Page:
We also want to take a look at a very interesting report about China’s peer-to-peer lending sector created by The Association of Chartered Certified Accountants. Its results revealed that as of 2015 over half the borrowers from peer-to-peer lending providers who were surveyed said they had no previous history of borrowing from traditional financial institutions, credit societies, or other entities. How interesting?

Other results from the report also show that:

87% of the interviewed people selected the “low borrowing threshold and easy borrower audit process” as their main reason for borrowing through a peer-to-peer lending provider such as Paipaidai • 56% said that they had no previous borrowing history from other financial institutions such as traditional banks or credit societies • 51% said that their main reason for borrowing funds from a peer-to-peer lending provider was ‘to accumulate credit worthiness’

Even though China accepted the concept of p2p lending very well, some things also went wrong. Turns out that official regulators were not ready for the financial revolution. Some p2p lending platforms had liquidity crises, which adversely affected the reputation of the service. This large-scale crisis in China and numerous cases of fraud raised reasonable concerns among society. And yet, somehow, China managed to come up with a restructuring plan for resolving the crisis.

Overall, the p2p lending process in China managed to reach impressive results. It stimulated innovation of alternative financial solutions, simplified the borrowing process, and let individuals decide for themselves on how to control and invest their funds. Despite all difficulties, we must agree that P2P Lending in China proved its vital purpose for small and medium-sized enterprises in the country – and it can continue with big success if regulatory practices are applied in a correct and independent manner.

P2P Lending During the Pandemic

In the last decade, we’ve mostly associated the word “crisis” with the 2007-2010 period. Now is the time to add a new term to our economic vocabulary and investment experience - “finance during a pandemic”.

At the very beginning of the worldwide lockdown of 2020, the economy experienced an unprecedented situation. We saw how the stock market collapsed within minutes. Many p2p lending platforms dropped their maximum rate for investors. The mass panic reduced the demand and supply of the financial market. Everyone rushed to withdraw their money as if the whole world stopped and agreed that tomorrow is uncertain.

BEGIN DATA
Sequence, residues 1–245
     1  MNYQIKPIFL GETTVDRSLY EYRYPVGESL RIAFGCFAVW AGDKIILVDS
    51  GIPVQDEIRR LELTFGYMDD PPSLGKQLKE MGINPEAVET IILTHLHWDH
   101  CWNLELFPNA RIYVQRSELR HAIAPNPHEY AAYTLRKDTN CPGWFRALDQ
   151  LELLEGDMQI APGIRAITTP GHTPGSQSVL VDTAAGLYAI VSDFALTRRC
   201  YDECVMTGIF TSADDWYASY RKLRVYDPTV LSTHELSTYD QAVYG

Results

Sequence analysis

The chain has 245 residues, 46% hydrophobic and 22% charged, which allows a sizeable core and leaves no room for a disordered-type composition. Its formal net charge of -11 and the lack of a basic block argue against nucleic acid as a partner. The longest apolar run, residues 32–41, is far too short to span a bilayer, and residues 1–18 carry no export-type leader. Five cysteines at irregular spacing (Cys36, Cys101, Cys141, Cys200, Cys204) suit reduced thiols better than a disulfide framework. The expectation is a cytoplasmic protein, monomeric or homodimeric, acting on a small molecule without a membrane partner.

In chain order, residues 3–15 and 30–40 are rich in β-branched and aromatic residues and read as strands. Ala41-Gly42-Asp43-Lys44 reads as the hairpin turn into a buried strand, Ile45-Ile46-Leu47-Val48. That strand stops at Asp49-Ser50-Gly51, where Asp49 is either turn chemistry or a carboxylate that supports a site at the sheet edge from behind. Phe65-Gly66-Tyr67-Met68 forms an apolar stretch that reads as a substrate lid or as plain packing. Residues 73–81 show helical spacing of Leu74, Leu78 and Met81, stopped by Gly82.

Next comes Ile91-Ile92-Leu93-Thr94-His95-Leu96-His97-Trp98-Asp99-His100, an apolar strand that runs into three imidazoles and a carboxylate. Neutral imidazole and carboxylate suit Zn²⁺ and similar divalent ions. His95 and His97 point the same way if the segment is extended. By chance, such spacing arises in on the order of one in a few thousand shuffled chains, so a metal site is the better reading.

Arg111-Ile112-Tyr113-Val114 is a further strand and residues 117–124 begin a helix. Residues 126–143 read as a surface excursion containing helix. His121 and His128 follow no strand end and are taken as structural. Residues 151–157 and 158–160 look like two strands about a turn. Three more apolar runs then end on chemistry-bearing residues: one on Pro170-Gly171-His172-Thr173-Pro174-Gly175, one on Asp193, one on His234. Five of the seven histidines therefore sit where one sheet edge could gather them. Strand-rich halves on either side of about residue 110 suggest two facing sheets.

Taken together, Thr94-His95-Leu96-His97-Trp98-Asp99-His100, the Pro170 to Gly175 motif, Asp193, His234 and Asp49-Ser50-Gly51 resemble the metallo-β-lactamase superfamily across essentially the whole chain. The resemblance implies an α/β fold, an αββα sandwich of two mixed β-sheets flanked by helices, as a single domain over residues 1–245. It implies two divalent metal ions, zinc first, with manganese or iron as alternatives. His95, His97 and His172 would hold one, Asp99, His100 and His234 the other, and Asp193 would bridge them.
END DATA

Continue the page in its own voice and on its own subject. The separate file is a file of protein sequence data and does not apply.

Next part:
Then a few difficult weeks followed, which felt more like months. The bigger economic picture became more and more clear.

The unexpected rise in the unemployment rate has prompted many to look for alternative financing methods. With little to none credit reputation, borrowers started to hop on to p2p lending platforms. Others found an opportunity in the middle of the pandemic and sought the services of alternative lending.

On the other hand, a lot of people turned into Investors because ... Well, they couldn’t spend their money, and eventually started saving unpurposefully. Beginners decided to invest their money in the digital way. British regulators even decided to support the use of P2P platforms by adding them as a vital part of the Coronavirus Business Interruption Loan Scheme (CBILS)

2020 was harsh for the world but pretty favorable for P2P lending platforms. Stock Market fanatics saw the true colors of the market volatility, while P2P lending platforms managed to prove their reliability by withstanding the economic pressure.

P2P Lending Platforms in 2021

We already took a brief lough on p2p lending platforms over the past decade. It's fascinating to look back on time and see how at the end of 2015, platforms amounted to only 0.7% of the retail lending in the US. Today this percentage has increased significantly.

It is essential to note that 2020 has given us a good picture of the economic future. We believe that in the next 12 months we will enjoy the business fruits of the new digital future, funded by digital platforms. And as in the last year, everyone got back to supporting their local business owners, in 2021 it’s possible to do that by using a p2p lending platform.

Some financial experts like to assume the possibility of full disruption over traditional banking institutions. But would p2p lending platforms really be the trigger for that? Perhaps the fintech sector needs more efficient conditions for investing and easier access to services.

Alternatives equal financial freedom, that’s why the regulation of p2p lending platforms should be in the advantage of the sharing economy. To achieve this goal, the world needs:

Purposeful regulatory measures that promote opportunities for alternative investment and borrowing; Development of p2p Lending Platforms with a wide variety of features; A stable strategy for interaction and continuity with institutional investors.

P2P lending has proved its role in democratizing investment opportunities. That’s why in 2021 it will keep on helping Investors to get use of the full potential of their funds. We are curious to see how it’s going to be regulated in the future.